Maintaining autonomy and independence in an increasingly polarised world is a tricky business for African nations. Their objective conditions particularly the economic ties that they have had with the outside world and their greater incapacitation in terms of reliance on other countries for food and fertilizer supplies, technology, finance and other essential products, made it impractical for African nations to maintain autonomy or assert independence in the face of entrenchment of dichotomy in global politics.
One incident that exposed the fragility of Africa including those countries in the north of the continent, is the ongoing war between Russia and Ukraine, that is today at the heart of the polarization of global diplomacy and the revival of Cold War era antagonisms. The relationship between the United States and her allies in the West on one hand and China on the other, is another bone of contention in global politics, that has caught many African nations in the complex web of perceptual dilemma in terms of demonstration of sympathetic attachment to one side of the divide or the other.
These two paradigms of inter-state conflict and growing rivalry between two economic superpowers, have imposed some constraints on counties in the global South particularly those in Africa, in terms of navigation of the intricate channels of global diplomacy and assertion of certain prerogatives to become relevant in the unfolding schemes of things.
It is in this context that the notion of “strategic autonomy” should be assessed, in order to determine whether such a posture can realistically be maintained by African countries or not, especially in the face of growing insistence on the part of the Western nations to support their cause in the unfolding drama between them and Russia over Ukraine.
Choosing sides in conflicts is a risky business especially when core interests of nations are involved. In Africa’s case, the supply of arms, grains, fertilizer, chemicals and other goods essential to their survival is a matter of existential consideration involving the approaches to both Ukraine and Russia. Adopting a posture of alignment with either party would amount to losing certain privileges from the other, which would have serious implications to their stability, peace and security.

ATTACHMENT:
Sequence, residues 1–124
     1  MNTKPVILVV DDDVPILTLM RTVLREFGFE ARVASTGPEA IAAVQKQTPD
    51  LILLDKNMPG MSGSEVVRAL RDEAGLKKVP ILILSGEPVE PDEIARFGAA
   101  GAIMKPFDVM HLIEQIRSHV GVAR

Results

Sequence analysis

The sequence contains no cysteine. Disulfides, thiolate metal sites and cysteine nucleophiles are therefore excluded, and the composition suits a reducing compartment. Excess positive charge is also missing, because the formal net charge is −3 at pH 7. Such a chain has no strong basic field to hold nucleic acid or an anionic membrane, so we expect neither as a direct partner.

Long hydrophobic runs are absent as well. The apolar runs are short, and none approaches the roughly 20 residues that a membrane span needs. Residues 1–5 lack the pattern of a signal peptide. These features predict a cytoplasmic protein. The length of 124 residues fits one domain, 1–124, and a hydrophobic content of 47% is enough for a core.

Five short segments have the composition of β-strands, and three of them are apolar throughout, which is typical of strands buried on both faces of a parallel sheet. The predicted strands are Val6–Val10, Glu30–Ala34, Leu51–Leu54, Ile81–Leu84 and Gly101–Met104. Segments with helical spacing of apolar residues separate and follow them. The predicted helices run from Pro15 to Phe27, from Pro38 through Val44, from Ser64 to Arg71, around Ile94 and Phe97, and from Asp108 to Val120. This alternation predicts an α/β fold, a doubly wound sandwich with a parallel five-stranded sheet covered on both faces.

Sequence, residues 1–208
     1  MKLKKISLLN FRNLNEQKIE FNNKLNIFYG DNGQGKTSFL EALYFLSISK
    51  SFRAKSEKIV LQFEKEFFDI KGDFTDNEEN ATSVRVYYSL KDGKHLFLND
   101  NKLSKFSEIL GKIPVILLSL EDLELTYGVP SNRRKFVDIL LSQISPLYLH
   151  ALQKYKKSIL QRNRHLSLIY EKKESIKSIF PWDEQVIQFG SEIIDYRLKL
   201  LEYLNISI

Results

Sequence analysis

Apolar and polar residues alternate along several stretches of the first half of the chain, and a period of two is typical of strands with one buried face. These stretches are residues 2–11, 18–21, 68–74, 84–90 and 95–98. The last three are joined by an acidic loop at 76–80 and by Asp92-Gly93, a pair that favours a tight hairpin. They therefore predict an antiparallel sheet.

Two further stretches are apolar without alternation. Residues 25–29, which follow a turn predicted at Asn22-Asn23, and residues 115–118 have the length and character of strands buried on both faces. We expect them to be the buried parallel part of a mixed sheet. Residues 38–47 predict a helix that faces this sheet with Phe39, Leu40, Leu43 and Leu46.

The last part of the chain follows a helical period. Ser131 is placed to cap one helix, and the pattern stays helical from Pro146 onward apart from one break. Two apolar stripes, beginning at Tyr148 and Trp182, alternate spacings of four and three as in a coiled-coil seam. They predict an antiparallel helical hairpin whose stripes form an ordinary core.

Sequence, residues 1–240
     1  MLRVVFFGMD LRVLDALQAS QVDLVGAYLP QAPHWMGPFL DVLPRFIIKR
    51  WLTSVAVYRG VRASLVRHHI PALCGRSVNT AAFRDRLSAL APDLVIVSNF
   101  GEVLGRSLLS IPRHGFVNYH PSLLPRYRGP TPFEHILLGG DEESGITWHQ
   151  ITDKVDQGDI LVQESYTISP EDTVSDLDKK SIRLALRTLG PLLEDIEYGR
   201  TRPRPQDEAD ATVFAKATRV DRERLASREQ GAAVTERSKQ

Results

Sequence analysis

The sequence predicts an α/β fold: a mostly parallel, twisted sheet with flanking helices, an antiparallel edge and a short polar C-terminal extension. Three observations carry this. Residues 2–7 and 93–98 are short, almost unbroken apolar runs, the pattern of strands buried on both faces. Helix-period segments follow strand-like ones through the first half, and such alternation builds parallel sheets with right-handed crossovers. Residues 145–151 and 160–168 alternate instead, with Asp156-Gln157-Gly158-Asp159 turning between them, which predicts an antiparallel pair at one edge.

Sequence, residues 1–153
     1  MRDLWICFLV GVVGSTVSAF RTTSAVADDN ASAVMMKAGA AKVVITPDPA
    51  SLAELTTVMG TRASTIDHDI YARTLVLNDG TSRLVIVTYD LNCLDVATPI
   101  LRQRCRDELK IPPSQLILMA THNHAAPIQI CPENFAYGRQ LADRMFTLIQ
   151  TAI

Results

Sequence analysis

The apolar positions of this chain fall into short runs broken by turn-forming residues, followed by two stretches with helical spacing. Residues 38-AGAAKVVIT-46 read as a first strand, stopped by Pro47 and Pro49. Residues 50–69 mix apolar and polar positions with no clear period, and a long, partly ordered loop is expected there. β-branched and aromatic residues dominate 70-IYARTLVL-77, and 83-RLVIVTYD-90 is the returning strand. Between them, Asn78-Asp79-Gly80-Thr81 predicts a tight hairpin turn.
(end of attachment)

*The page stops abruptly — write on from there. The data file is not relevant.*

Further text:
The fig leaf of international law and appeal to established principles and norms of international behaviour did not seem to be enough to provide cover to African states under which to make an escape from the reality of alignment with Russia or Ukraine and her allies in the West. South Africa in particular, found it almost impossible to hide her close ties to Russia and resisted every conceivable pressure brought to bear against her by the West, for siding with Russia in the Ukraine conflict.
Iran, India, Brazil, China, Saudi Arabia, North Korea, Venezuela, Turkey, Egypt and several other countries in the global South also felt the need to adopt a posture of strategic autonomy in the ongoing conflict, or tactically aligned themselves with the Russian viewpoint against that of the West in the final determination of the rationale for the war in Ukraine and the course it had taken.
Joining new groupings like the BRICS may offer countries of the global South an exit from the strictures imposed by the Western dominated international financial institutions and global governance system. However, individual responsibilities must be borne by nations for their choices and actions in supporting one side or the other in situations such as presented by the conflict in Ukraine, or the US-China rivalry.